“It’s pretty difficult because it’s high altitude; it’s above about 15 or 16 thousand feet where these villages are,” Kedrowski said. “We tested for E. coli and fecal coliform, which come out with human waste in water, and found that a lot of these locations near the villages are between five and 15 times more polluted than the EPA legal limit for drinking water in the United States. They’re thinking that by building these sealed, contained reactors, they can get all the waste to be contained within those and they can, No. 1, use it for energy, and, No. 2, prevent it from leaking further and clean up the water.”

Encountering death

This climbing season at Everest was unusually short, with poor weather conditions forcing many climbers to wait for weeks to have a chance at reaching the top. The first time frame of good weather was May 18-19, and about 300 people made their way up.

“People get summit fever and they also kind of get impatient, because they’ve been there for six to eight weeks on the expedition, and the people just want to get up and get their summit done so they can go home. That’s why a lot of people went on that day, the 18th to the 19th, and just too many people went,” Kedrowski said. “We thought, by the 20th in the afternoon, the winds would probably get high by then, but about 12 to 14 hours early, in the middle of the night, the storm came in, and that led to a lot of the problems people had.”

Too many people trying to summit a mountain at the same time can cause a traffic jam of sorts. At higher elevations, being stuck with such little oxygen is unsafe. When the storm rolled in, the situation became tragic.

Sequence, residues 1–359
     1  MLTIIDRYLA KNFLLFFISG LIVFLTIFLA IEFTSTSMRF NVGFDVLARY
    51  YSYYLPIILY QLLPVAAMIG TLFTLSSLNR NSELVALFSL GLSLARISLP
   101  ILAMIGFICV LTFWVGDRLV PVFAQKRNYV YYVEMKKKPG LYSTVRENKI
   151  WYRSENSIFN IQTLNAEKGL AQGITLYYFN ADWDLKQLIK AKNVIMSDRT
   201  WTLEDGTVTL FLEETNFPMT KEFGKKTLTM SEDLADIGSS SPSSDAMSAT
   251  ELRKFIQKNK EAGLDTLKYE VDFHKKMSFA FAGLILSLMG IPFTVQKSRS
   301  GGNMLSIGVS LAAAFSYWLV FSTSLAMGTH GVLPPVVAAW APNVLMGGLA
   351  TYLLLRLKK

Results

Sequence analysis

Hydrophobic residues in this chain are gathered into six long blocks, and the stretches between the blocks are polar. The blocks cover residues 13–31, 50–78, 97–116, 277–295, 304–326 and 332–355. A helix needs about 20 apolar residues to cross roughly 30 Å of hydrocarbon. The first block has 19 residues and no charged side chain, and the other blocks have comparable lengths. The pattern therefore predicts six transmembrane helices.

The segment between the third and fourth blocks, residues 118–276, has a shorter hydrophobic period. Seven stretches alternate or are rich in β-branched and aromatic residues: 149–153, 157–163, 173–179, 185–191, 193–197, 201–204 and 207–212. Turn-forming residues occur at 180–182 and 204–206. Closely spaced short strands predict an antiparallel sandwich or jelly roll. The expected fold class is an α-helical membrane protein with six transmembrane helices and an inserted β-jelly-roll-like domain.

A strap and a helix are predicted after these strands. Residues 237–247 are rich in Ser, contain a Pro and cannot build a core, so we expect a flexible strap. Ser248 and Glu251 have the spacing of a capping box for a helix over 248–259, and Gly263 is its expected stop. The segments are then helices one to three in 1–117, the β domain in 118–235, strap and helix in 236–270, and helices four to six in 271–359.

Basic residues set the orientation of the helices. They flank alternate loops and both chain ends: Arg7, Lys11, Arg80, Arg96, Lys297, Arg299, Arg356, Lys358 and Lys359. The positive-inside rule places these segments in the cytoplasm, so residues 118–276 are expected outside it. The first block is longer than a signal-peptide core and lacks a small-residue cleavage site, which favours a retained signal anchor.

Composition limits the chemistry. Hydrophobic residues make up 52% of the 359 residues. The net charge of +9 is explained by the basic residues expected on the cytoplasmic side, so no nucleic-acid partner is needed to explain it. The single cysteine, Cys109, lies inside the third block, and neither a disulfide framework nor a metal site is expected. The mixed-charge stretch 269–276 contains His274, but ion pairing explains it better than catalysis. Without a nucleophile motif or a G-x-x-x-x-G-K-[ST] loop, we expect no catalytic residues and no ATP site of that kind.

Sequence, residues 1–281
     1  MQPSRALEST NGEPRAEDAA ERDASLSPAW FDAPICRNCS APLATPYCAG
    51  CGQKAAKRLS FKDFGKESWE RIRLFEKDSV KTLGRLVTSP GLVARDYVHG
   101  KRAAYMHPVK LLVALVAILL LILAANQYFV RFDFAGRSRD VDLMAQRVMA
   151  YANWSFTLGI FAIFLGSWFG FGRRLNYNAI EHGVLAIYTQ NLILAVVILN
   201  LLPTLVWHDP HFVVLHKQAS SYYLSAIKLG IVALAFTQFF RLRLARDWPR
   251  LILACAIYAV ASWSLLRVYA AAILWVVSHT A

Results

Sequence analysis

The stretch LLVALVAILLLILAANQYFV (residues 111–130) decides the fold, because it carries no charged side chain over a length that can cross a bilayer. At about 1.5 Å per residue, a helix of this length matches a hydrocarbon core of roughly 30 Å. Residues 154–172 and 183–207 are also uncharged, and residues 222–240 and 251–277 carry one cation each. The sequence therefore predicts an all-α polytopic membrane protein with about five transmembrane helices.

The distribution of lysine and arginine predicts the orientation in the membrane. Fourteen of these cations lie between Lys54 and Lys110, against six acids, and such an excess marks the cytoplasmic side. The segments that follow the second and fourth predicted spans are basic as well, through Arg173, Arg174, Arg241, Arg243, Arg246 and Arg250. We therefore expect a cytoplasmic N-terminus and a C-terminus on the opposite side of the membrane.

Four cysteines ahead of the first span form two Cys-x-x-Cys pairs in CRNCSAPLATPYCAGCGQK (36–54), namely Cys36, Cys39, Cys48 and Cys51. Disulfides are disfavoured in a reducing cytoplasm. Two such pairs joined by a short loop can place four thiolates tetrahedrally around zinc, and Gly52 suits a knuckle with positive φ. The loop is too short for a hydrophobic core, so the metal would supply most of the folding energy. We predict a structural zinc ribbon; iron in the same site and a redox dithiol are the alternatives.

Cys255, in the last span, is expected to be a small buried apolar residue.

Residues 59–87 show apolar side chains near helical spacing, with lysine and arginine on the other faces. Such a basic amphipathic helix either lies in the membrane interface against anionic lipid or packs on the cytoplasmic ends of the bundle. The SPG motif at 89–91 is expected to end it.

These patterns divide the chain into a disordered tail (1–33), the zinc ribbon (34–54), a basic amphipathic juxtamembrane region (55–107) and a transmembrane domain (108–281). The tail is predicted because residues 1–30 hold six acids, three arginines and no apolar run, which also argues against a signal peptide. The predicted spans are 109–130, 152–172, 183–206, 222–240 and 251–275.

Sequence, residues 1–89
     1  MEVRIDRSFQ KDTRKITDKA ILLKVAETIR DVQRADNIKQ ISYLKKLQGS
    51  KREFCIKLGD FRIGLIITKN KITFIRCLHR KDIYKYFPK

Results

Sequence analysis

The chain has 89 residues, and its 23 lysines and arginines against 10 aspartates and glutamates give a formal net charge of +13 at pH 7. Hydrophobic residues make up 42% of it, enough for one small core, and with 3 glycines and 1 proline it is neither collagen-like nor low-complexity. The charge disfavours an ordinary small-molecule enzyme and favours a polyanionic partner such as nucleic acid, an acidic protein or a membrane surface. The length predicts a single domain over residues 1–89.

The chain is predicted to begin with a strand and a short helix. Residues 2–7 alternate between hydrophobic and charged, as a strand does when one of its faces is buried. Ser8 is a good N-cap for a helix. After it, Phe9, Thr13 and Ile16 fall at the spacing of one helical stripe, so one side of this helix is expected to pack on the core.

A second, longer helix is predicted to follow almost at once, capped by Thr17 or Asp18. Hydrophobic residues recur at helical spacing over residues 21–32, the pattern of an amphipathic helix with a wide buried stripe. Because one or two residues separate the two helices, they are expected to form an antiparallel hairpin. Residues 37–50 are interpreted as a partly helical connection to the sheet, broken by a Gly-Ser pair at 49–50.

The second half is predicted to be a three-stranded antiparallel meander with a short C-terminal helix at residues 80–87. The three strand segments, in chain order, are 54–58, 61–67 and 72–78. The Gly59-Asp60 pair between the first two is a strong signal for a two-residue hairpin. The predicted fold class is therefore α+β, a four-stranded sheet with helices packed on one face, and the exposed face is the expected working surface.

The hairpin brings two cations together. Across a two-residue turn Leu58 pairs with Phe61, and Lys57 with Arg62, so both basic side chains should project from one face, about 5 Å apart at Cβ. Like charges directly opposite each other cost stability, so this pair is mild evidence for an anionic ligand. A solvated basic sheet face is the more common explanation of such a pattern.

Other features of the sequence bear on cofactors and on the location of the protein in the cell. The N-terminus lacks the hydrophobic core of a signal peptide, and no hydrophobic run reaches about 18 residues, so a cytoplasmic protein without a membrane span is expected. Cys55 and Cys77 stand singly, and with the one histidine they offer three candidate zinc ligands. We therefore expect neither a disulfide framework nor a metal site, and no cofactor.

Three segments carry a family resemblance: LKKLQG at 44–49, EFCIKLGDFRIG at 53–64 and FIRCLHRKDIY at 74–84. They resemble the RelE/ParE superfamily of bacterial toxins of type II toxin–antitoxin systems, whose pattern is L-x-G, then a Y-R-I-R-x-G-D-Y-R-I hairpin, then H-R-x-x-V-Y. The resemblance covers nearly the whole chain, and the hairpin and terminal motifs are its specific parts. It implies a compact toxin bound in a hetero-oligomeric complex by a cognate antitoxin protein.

Kedrowski had a mental checklist of three priorities — himself, his teammates, then anyone else who needed help. Three of his teammates and other climbers required assistance, so he attended to his teammates and helped another save a Polish climber who was about 400 yards from camp.

“Two or three of them near the camp we had to help them get back because they were pretty delirious from lack of oxygen and the elements,” Kedrowski said of his teammates. “Fortunately, I think maybe it’s because I grew up here in Colorado at higher altitude and I’ve been on a lot of expeditions, my body has kind of adjusted to altitude pretty well, so I felt completely fine that night.”

‘Fast and light’

For years, Kedrowski has climbed “fast and light,” meaning he only carries what he absolutely needs and he doesn’t waste time reaching the summit and returning to base camp. That approach, he said, helped him succeed when climbing Everest, especially since it minimized the time he spent at dangerously high elevations.